“The King’s Daughter” – A fantasy tail [MOVIE REVIEW]

The Palace of Versailles in "The King's Daughter." Photo courtesy of Gravitas Ventures.

Pierce Brosnan as King Louis IV and Kaya Scodelario as Marie-Josephe D’Alember in “The King’s Daughter.” Photo courtesy of Gravitas Ventures.

Director Sean McNamara in collaboration with writers Ronald Bass, Barry Berman, Laura Harrington, and James Schamus conspired to turn the Vonda N. McIntyre novel The Moon and the Sun into a fairy tale like “The Princess Bride.” They didn’t.

King Louis XIV has much to his credit in his rule of France. It is 1684 and he is the longest reigning monarch in French history. His palace at Versailles is the definition of opulent luxury and is the artistic and scientific center of the kingdom. What more could the aptly named Sun King possibly want? Immortality. His scientific advisor Dr. Labarthe has told him that such immortality is possible and within his grasp. The lost city of Atlantis holds such power and if one of its mermaids can be captured and sacrificed during the upcoming solar eclipse, he will live forever. Louis’ spiritual advisor and confessor, Père La Chaise, is aghast. Only God can control life and he is in danger of committing a mortal sin. Mortal, shmortal. Louis wants what he wants when he wants it. Remarkably, or not because, after all, this is a fantasy, a handsome sailor, Yves de la Croix, captures one such mermaid and brings her to court in a tank.

Far away from the palace in a convent by the sea a young girl is sequestered, sent there long ago by her unknown mother. Little does Marie-Josephe know that she is the illegitimate daughter of Louis who, at long last, brings her to court. Her beauty, innocence, and musical talent seduce all around her. Her relationship to the king is kept secret, until it isn’t anymore. Marie-Josephe has one other talent. She can communicate with the mermaid. Horrified to learn of the king’s plans, she must find a way to save her friend.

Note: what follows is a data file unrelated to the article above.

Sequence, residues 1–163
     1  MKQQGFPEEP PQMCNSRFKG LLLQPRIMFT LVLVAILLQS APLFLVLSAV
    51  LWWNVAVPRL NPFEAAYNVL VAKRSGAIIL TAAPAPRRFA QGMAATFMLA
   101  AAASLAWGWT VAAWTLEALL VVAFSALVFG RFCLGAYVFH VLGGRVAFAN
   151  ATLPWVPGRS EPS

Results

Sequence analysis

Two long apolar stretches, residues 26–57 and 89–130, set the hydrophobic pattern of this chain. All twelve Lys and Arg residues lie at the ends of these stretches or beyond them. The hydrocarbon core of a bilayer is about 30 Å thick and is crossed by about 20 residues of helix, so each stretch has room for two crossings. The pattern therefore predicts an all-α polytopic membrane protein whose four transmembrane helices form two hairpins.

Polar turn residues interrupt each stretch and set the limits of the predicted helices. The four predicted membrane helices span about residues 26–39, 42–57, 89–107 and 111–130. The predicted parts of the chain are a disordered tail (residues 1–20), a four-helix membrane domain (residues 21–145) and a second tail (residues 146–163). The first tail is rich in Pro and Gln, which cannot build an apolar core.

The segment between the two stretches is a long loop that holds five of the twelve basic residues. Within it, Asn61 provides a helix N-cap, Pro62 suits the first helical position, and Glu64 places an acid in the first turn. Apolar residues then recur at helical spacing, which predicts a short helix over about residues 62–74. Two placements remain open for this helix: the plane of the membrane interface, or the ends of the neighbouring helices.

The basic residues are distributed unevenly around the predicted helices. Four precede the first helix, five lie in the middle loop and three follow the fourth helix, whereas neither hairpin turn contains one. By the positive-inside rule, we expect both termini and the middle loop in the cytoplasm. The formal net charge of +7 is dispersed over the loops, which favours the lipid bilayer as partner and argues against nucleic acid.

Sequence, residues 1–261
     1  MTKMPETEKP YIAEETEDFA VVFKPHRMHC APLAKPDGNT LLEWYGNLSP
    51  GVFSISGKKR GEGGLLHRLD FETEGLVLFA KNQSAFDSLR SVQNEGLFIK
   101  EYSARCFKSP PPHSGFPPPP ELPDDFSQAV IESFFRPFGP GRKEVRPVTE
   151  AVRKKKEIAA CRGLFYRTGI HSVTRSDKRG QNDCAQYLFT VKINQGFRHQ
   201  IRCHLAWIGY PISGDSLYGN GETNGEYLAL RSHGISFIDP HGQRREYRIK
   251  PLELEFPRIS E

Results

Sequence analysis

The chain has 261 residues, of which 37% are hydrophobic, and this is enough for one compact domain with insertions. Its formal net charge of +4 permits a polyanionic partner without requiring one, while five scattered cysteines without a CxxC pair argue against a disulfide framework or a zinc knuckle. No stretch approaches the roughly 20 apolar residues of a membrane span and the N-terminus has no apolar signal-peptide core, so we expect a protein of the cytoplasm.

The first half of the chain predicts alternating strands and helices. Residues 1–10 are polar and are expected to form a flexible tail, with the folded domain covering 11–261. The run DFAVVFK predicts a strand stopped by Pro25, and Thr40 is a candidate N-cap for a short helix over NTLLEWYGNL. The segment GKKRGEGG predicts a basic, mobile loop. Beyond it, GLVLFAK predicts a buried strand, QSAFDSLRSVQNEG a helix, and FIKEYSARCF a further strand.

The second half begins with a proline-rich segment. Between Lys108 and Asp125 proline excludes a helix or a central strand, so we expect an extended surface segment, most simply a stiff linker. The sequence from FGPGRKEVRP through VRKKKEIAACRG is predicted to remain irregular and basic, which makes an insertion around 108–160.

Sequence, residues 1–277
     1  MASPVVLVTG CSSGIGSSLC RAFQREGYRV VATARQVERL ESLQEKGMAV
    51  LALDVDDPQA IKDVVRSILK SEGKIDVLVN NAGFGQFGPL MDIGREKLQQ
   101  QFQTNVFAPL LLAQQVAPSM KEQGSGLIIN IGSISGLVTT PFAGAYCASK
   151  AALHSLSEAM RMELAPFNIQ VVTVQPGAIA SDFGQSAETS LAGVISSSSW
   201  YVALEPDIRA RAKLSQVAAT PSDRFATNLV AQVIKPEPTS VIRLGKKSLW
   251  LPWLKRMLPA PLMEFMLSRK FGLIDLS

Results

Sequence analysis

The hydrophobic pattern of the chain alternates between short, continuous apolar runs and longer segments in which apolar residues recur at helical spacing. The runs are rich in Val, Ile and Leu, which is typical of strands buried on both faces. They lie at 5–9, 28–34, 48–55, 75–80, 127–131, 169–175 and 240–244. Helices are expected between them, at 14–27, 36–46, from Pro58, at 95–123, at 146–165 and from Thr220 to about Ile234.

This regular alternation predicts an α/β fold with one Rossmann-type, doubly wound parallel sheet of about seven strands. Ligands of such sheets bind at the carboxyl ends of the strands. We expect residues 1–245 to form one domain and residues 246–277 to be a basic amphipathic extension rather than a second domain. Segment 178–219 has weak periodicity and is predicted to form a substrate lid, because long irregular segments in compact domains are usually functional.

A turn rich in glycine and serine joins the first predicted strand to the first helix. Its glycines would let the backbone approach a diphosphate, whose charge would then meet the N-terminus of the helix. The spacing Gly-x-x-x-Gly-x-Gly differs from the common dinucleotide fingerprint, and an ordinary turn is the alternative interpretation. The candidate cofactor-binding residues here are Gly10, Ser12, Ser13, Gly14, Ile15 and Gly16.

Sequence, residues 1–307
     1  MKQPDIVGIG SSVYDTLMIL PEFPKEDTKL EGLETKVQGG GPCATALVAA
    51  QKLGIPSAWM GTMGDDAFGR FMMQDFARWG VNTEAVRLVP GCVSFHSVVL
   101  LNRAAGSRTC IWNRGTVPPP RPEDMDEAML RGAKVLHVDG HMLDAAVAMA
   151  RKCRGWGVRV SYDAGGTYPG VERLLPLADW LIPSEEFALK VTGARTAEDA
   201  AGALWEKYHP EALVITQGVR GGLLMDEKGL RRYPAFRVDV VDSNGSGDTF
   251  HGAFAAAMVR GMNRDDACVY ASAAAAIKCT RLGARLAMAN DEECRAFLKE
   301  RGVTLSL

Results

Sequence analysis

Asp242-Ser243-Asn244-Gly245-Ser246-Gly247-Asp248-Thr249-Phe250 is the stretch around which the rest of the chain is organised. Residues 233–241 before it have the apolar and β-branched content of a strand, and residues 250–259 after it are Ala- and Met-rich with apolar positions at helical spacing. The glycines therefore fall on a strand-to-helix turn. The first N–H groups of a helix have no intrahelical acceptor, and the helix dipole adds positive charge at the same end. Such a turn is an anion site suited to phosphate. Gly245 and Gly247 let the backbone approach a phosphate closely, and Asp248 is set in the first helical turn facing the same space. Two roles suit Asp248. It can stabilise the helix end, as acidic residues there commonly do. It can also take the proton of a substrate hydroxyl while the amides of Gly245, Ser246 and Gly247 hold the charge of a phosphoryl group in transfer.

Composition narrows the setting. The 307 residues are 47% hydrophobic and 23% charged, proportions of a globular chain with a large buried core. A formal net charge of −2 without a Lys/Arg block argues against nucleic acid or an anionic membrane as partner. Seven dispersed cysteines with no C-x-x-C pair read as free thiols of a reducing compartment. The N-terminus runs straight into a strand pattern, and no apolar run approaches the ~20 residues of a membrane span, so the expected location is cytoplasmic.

But Marie-Josephe is also in need of saving because Louis has plans to marry her off to the ne’er do well Jean-Michel Lintillac who controls the largest fortune in the kingdom. Louis is broke and Jean-Michel is single and sees the political advantage of marriage to the secret daughter of the king.

Besides her love for the mermaid, Marie-Joseph has a hankering for the handsome sailor. You can see the conflicts from a mile away.

“The Princess Bride” this ain’t. Once again, it’s a case of too much is never enough. Plot piles on top of plot on top of plot on top of plot. What could have been a charming tale of a mermaid and a maiden becomes a conspiracy of evil doctor against spiritual leader, father against daughter, and king against nature. If you’re lost with this written explanation that’s nothing compared to what’s going to happen when you try to make sense of what’s on the screen.

William Hurt as Père La Chaise in “The King’s Daughter.” Photo courtesy of Gravitas Ventures.

More’s the pity because the two leads are fabulous. Pierce Brosnan, playing Louis the Sun King and ultimate narcissist, is charismatic, charming, vulnerable, and ruthless, all at the same time. Not many could pull that off. William Hurt as Père La Chaise is thoughtful, humorous, charming with just the right amount of spiritual skepticism. One could argue that their parts were better written, but I don’t think so. Both actors found ways to divulge their characters’ inner depths. Such was not the case with most of the other actors. Pablo Schreiber as Dr. Labarthe does everything but twirl a mustache, such is his egocentric villainy in trying to usurp the role of a higher being in the name of “science.” Of course the science here is hilariously suspect and he is little more than a cartoon villain when he goes up against the formidable priest. Kaya Scodelario as Marie-Josephe is the trite and true daughter of the King whose major ability is flashing innocent eyes as she proclaims against the injustice about to befall the mermaid. Her love interests, Benjamin Walker as the sailor De La Croix, and Ben Lloyd-Hughes as Lintillac the rich duke whose fortune is needed by the king, are little more than wooden figures without character development.

What a shame that such a gorgeous set, production designed by Michelle McGahey, and vivid cinematography by Conrad W. Hall, should be wasted on an ill-conceived plot. There was definitely a charming fairy tale hidden within this swamp. Mermaid’s blood yields the promise of eternal life. Princess sets about to rescue her and flee with her true love. It could be charming. “The King’s Daughter” wasn’t.

Opening wide on Friday January 21 at the Regal Promenade, the Starlight Theatres Terrace Cinema 6, the Regal LA Live, the ArcLight Sherman Oaks., the Laemmle Playhouse 7 and Laemmle Town Center 5.


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